We’re not big fans of citizen initiatives. They are end runs around what, in a perfect world, should be a legislative process carried out by elected representatives in a deliberative and bipartisan fashion.
But it’s not a perfect world – far from it, as John McCain so eloquently pointed out Thursday on the floor of the U.S. Senate. He then put his money where his mouth was by casting the deciding Republican vote against yet another repeal/replace bill on Obamacare.
McCain and the Senate don’t have to worry about citizen initiatives – unless enough states agree to call a Constitutional Convention. Faced with gridlock within their own party, Republicans inside the Beltway will now have to sit down with Democrats, craft bipartisan health reform, then hold hearings and floor debates. It might be messier than Mitch McConnell’s “My way or the highway” dictum, but we’re pretty certain it’s what most voters expect of Congress – even if they don’t agree with the ultimate results.
INITIATIVE BAKED IN
In Arizona, where the citizen initiative is baked into the state constitution, the entrenched interests have not been able to fend off grassroots reform of what had become a closed, self-perpetuating system. Citizens have endorsed public financing for statewide and legislative candidates, an independent commission to redraw legislative and congressional districts rather than politicians, and a statewide minimum wage. They even passed a law prohibiting lawmakers from undoing citizen initiatives by legislative fiat.
It’s this last initiative that has given legislative leaders fits, even though the courts have said any initiative must come with its own funding source. Voters, the leaders say, are too easily swayed by special interests mounting self-serving campaigns for things like medical marijuana and casino gaming. If you want mob rule, why not do away with the Legislature altogether, they ask?
We might have been more sympathetic to this argument before Citizens United unleashed a torrent of campaign cash on behalf of hardline primary candidates who adopt the same tunnel vision as their funders. In Arizona, the mantra is no new taxes even if it starves the schools, as little regulation of the free market as possible and tighter voting rules that fall hardest on minorities and the poor – the very groups least likely to vote for entrenched interests. Redistricting even by a citizen commission ran afoul of federal civil rights protections for minorities that concentrated Democrats in too few competitive districts, and public campaign financing has been overwhelmed by independent spending committees that use wedge issues to drive out substance. Even in the U.S. Senate, the filibuster is the tactic not of last resort but everyday strategy, so polarized have the sides become.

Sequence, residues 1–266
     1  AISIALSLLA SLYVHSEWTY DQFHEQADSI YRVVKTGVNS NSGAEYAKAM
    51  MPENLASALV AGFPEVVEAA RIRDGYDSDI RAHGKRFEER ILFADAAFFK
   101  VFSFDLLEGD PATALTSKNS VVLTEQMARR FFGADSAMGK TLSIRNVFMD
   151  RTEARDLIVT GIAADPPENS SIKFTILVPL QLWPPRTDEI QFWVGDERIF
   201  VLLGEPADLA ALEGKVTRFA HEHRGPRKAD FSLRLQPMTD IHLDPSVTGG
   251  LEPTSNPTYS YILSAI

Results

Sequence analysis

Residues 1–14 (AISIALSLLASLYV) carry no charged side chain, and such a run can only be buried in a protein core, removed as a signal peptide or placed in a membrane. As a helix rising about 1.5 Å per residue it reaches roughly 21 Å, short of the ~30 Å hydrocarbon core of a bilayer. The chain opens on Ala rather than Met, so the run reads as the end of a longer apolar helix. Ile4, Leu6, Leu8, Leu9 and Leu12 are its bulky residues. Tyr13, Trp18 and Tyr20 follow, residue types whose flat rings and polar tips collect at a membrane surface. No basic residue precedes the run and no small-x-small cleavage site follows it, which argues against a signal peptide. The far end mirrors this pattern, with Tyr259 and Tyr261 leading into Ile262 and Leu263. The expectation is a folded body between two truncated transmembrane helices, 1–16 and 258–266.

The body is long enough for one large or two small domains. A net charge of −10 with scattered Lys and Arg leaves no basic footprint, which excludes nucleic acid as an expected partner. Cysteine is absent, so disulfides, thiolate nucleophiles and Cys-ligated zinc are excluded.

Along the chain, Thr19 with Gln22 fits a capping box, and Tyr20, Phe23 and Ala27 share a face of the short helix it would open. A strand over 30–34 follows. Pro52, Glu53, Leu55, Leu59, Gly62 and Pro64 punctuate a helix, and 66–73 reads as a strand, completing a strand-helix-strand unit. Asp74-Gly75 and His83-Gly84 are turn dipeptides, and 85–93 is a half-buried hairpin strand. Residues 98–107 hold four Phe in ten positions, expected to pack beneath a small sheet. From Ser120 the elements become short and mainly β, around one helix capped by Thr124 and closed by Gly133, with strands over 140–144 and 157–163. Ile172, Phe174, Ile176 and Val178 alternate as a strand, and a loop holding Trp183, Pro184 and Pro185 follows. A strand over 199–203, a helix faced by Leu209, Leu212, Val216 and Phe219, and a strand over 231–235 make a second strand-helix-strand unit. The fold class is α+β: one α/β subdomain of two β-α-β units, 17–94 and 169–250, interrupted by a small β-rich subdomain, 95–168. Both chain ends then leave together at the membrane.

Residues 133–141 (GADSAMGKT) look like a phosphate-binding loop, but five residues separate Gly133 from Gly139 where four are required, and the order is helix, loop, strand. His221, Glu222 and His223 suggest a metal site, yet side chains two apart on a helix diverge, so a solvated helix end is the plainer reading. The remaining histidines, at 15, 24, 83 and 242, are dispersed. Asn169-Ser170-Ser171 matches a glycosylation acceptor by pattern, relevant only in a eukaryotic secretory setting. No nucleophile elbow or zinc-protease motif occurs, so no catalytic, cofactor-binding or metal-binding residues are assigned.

DENY BALLOT ACCESS
And now, the Republicans have decided that if they can’t undo citizen initiatives in the Legislature, they will just deny petitioners access to the ballot altogether. The majority passed and the governor signed bills outlawing paying initiative and referendum petition circulators by the signature (too much temptation to forge signatures, they said) and holding petitions to a strict compliance standard – every name and address must match the voter rolls exactly and conform precisely to the petition form.
As we noted above, we’re not enamored of citizen petitions. But when political inequality on the campaign trail, at the polling place and in the Legislature has become so tilted, we can see why an end run around representative democracy and an appeal to the grassroots seems like the only course left. The alternative, as several commentators have noted, is a vote for someone like Trump, who plays upon the unfairness of the new economy and its job insecurity, wage stagnation and wealth gap to appeal not to more open voting and representation but closed borders, withdrawing from trade agreements and restricting security alliances. The bad guys are not the captains of industry and finance seeking economic advantage through self-serving donations but the little guys – immigrants, racial and ethnic minorities, and journalists – who historically are easy prey for demagogues.
We don’t know what the cure is nationally for the growing closed system as long as Citizens United stands. But in Arizona, we already have term limits and public funding of campaigns – the latter, however, needs more money, not less. And why not try open primaries, as have the states of Washington and California, in the interest of more middle-ground candidates? Lawmakers who devalue the constitutional right to the initiative aren’t likely to be convinced to change their minds at a legislative or court hearing. They need to be replaced and the initiative protections restored.
Ideally, those rights would need to be used only sparingly. But knowing they have been restored would mean that we are back on the road to a political equality that is the only way to begin to address widening economic inequality. Given how wide that gap has already become, it’s a process that can’t start too soon.
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